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Manchester suicide bomber attended anti-Netanyahu protest 2 years earlier

Salman Abedi, who killed 22 people at an Ariana Grande concert in 2017, was already on MI5’s radar when he joined demo by Corbyn-backed group against London visit by Israeli PM

Manchester bomber Salman Abedi (far right, red shirt) attends protest outside the UAE embassy in London, hours after he demonstrated against visit by Prime Minister Benjamin Netanyahu in 2015 (Screen grab/Daily Mail)
Manchester bomber Salman Abedi (far right, red shirt) attends protest outside the UAE embassy in London, hours after he demonstrated against visit by Prime Minister Benjamin Netanyahu in 2015 (Screen grab/Daily Mail)

The terrorist who killed 22 people in a suicide bombing in the British city of Manchester in 2017 had attended a protest against Prime Minister Benjamin Netanyahu’s visit to London two years prior to the attack, the Daily Mail reported Friday.

Salman Abedi attended the September 2015 protest organized by the Palestine Solidarity Campaign, an organization backed by former UK Labour Party leader Jeremy Corbyn.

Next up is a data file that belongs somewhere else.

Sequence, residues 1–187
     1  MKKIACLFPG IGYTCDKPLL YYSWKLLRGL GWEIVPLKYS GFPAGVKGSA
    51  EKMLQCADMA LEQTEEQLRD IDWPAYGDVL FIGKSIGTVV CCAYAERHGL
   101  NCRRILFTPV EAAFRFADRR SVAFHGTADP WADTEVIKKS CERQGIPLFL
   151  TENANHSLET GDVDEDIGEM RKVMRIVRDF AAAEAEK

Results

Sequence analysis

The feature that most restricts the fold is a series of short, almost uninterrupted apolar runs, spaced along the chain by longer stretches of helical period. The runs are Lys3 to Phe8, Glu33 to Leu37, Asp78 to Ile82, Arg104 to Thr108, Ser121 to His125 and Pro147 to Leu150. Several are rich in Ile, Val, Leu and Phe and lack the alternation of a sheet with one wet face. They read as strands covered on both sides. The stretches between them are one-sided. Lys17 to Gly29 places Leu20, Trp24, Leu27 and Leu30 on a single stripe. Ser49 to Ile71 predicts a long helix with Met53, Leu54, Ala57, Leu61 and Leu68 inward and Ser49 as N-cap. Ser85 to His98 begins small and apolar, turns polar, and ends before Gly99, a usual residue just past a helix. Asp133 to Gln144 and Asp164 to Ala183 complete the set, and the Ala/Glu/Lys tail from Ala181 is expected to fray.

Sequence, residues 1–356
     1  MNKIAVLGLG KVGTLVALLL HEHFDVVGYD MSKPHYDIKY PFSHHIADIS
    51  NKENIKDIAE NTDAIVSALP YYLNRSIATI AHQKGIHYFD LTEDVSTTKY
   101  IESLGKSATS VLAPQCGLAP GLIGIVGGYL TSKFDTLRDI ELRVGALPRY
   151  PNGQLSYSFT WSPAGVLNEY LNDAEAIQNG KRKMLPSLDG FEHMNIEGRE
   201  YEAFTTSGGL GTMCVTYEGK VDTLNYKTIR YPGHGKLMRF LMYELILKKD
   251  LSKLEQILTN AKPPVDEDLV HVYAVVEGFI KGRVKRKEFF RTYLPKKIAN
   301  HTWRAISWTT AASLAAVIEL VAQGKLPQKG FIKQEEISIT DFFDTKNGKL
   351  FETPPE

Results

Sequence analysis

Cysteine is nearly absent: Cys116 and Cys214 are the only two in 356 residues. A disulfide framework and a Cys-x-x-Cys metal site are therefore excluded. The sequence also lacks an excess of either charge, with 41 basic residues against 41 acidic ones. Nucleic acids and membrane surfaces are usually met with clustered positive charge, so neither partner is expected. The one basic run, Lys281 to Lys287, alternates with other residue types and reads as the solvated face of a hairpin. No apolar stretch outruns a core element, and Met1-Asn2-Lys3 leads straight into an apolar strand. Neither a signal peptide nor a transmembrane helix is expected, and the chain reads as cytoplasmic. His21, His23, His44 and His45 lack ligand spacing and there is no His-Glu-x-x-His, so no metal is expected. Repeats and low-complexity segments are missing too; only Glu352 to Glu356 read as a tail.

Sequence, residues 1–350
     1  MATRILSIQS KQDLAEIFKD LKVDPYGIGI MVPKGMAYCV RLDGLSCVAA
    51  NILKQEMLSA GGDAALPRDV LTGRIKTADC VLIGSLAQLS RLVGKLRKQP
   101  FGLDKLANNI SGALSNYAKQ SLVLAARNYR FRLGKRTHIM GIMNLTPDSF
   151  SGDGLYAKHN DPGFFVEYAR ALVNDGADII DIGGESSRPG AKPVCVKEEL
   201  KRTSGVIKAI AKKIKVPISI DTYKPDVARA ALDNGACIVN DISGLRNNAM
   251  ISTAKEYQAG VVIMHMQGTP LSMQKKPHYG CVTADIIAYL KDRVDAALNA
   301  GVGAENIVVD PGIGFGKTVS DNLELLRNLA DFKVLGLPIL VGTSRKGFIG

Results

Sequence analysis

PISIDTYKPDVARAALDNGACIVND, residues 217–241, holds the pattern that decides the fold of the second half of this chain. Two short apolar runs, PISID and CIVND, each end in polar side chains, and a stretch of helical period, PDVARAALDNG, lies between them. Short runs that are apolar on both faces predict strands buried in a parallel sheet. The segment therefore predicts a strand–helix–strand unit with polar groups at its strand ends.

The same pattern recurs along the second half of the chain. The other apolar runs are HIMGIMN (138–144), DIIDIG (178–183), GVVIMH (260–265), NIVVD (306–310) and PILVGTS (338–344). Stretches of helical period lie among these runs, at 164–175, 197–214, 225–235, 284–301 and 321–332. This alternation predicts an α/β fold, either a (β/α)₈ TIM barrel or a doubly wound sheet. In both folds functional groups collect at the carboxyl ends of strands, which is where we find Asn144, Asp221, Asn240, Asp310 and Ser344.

There was no suggestion that Abedi was formally linked to either the PSC or Corbyn.

According to the report, Abedi was among a group who traveled from Manchester to attend the Downing Street rally before moving to a second protest outside the United Arab Emirates embassy. The newspaper said the second protest was organized by a British group that supported a Libyan militia with ties to Al-Qaeda’s Ansar al-Sharia.

This undated photo issued on July 17, 2019, by Force for Deterrence in Libya, shows Hashem Abedi, the brother of Manchester Arena bomber Salman Abedi. (Force for Deterrence in Libya via AP, File)

Two years later, inspired by Islamic State, Abedi detonated explosives among crowds of mostly young people leaving an Ariana Grande concert at the Manchester Arena.

The youngest victim was aged just eight. Others included parents who had come to pick up their children.

A public inquiry heard last month that Abedi was associated with six MI5 “subjects of interest” and visited an incarcerated terrorist twice prior to the attack.

According to the Guardian, Abedi had himself been made a “subject of interest,” but his file was closed in July 2014 — a year before the anti-Netanyahu protest and three years before the Manchester attack.

Armed police patrol near Manchester Arena following a deadly terror attack in Manchester, northwest England on May 23, 2017. (AFP/Oli SCARFF)

In August, Abedi’s brother Hashem, 23, was jailed for life for playing an “integral part” in the attack. He was convicted of murder, attempted murder, and conspiring to cause explosions at a trial that ended in March.

The court heard he was in Libya when the attack took place on May 22, 2017, but helped his brother plan it for several weeks, including by obtaining chemicals for the homemade bomb.

AFP contributed to this report.

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